We often tell stories about animals who have been brought together on breeding recommendations, like CMZoo North American porcupines, Kale and Quilliam, or Mexican wolves, Luna and Navarro. With the annual celebration of love just around the corner, we’re taking a closer look at how animal matches are made and how zoos work together to help species survive, long before the howdies begin.
“In a nutshell, Species Survival Plans support healthy genetics in animals in human care,” said Ashley Arimborgo, CMZoo registrar, who often oversees the coordination between Zoos that are transferring animals on breeding recommendations to and from Cheyenne Mountain Zoo. “Species Survival Plans contribute to the success of an assurance population of animal ambassadors that advocate for their wild relatives, and inspire people to support important conservation efforts.”
The Association of Zoos and Aquariums (AZA) is the standard-setting accreditation organization for zoos and aquariums in the U.S. The AZA champions Species Survival Plans (SSP) managed by SSP coordinators. SSP coordinators are professional volunteers who often work at AZA-accredited organizations, but don’t work for the AZA.
SSP coordinators work with Taxon Advisory Groups (TAG) which track five-year population projections for their respective species, including population trends for animals in human care and in the wild. Also instrumental in the matchmaking process are studbook keepers. They track the genetic data of each animal in human care (at organizations participating in SSPs) and bridge gaps in documentation. That data is collected and presented in graph form, with the most unrelated animals of the same species being the most valuable potential matches.
“It’s a pretty complicated process, but the matches are largely data-driven and based on genetics, health and age,” said Arimborgo.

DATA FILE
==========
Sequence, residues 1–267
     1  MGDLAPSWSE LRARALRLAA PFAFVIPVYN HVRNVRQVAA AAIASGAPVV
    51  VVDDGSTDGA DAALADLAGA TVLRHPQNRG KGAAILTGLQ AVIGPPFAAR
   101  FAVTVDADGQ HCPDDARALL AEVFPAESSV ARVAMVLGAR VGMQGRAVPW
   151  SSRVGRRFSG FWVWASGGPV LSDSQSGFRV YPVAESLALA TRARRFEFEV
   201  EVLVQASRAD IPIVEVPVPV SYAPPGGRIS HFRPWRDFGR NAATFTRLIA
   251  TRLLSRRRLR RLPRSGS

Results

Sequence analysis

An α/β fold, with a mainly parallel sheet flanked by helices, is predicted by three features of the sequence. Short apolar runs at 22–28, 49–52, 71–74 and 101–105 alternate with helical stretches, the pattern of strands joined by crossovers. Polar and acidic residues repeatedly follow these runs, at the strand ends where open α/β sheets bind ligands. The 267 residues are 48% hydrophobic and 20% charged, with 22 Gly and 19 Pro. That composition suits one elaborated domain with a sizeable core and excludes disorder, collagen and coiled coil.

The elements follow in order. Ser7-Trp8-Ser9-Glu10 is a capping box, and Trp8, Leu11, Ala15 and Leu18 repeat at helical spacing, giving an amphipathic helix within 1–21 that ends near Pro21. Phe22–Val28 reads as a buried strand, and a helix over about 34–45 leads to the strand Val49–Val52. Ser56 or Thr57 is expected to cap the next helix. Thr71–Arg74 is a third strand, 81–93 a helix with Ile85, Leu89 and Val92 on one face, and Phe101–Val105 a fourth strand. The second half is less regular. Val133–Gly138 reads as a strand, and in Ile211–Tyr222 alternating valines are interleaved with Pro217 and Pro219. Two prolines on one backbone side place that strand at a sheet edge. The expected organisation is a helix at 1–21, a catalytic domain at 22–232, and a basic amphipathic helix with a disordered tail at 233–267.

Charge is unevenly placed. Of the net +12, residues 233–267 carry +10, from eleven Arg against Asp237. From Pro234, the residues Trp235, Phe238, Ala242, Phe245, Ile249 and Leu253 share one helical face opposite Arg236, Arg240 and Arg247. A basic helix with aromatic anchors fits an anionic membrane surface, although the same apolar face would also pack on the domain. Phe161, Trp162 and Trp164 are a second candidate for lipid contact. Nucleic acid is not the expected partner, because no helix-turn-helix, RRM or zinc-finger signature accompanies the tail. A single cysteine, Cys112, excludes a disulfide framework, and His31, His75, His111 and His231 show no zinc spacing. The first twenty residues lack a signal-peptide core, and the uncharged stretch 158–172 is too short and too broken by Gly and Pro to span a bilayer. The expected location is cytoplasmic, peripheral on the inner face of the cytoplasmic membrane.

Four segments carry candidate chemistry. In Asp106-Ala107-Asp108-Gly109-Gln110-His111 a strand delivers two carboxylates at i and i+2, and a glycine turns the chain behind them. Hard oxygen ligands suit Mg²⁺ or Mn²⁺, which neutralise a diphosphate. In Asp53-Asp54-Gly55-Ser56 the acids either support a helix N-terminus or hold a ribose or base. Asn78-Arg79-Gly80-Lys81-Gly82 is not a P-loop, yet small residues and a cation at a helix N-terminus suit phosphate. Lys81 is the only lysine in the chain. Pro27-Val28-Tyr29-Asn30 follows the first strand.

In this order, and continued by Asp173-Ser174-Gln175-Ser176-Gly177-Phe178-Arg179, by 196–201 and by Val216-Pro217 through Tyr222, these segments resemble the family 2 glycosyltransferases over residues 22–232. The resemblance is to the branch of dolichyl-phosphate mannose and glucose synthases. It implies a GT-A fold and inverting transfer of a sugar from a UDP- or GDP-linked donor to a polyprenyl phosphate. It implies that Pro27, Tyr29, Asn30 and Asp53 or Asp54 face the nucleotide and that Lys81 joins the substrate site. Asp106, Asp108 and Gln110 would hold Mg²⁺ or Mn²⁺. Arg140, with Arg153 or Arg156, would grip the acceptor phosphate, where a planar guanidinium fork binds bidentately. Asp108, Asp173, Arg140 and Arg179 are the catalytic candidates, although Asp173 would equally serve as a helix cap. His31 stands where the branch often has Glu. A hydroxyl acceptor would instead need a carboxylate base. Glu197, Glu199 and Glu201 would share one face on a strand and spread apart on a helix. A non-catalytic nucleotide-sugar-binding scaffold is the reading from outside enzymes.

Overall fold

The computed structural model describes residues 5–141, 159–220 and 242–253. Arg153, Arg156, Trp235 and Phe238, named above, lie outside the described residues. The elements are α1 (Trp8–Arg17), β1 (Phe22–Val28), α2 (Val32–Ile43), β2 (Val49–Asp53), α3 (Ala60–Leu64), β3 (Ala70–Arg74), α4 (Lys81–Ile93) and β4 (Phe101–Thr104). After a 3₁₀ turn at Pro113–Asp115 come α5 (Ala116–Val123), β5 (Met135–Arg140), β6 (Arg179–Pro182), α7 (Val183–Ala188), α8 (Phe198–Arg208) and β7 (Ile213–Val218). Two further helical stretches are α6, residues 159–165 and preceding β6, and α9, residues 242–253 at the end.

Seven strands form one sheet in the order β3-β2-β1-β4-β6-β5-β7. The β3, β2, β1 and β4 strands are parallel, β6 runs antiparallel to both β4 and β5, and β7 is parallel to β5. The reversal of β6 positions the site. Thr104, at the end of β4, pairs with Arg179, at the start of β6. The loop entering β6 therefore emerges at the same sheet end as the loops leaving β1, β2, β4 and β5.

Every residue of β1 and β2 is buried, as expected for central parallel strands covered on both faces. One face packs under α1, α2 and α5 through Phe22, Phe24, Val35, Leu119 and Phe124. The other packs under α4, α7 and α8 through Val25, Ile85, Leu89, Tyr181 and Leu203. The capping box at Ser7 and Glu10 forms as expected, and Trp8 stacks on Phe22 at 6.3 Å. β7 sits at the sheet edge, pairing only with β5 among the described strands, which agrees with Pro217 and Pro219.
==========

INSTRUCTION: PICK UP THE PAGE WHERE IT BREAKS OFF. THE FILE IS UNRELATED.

Every two or three years, SSPs release species-specific breeding and transfer draft plans. Organizations that have animals impacted by the plan – known as holding institutions – provide input including whether or not the organization would like to transfer an animal or host animals to breed. Then, the plan is finalized and published to the participating organizations. Holding institutions work together to arrange animal transportation.
“It’s not unusual to see a big shuffle in a single species among participating organizations when a new plan is released,” said Arimborgo. “We saw that in the fall with Amur tigers because of new recommendations. Thimbu went to Rosamond Gifford Zoo on a breeding recommendation, and Savelii came to us on a match with Chewy.”
The SSP also tracks trends and genetics to address future potential pitfalls to a species’ survival. They may find one species has an abundance of older females and younger males, which could determine urgency of breeding or breeding prevention.
The team also works together to track available housing for future populations. If one species grows quickly, organizations participating in the SSP may run out of room to house additional individuals.
One example of that is the Mexican wolf. In the last two years, Luna and Navarro, CMZoo Mexican wolves who were introduced on an SSP breeding recommendation, welcomed six pups to their pack. One pup, Lupa, moved to an organization in Arizona in November 2018. The remaining seven Mexican wolves have brought CMZoo’s wolf habitat to its maximum capacity. Since other participating organizations don’t have room for more wolves either, the male and female wolves will live in separate areas during breeding season this year.
Beyond that, it’s up to each individual zoo to manage introductions and breeding interactions.
“The SSP breeding recommendations don’t typically take an animal’s individual personality or preferences into account.” said Arimborgo. “The keepers and management staff factor in individual histories as well as behaviors when introductions start taking place. Through careful observations and training, trust can be built and the stage can be set for the animals to be most successful. ”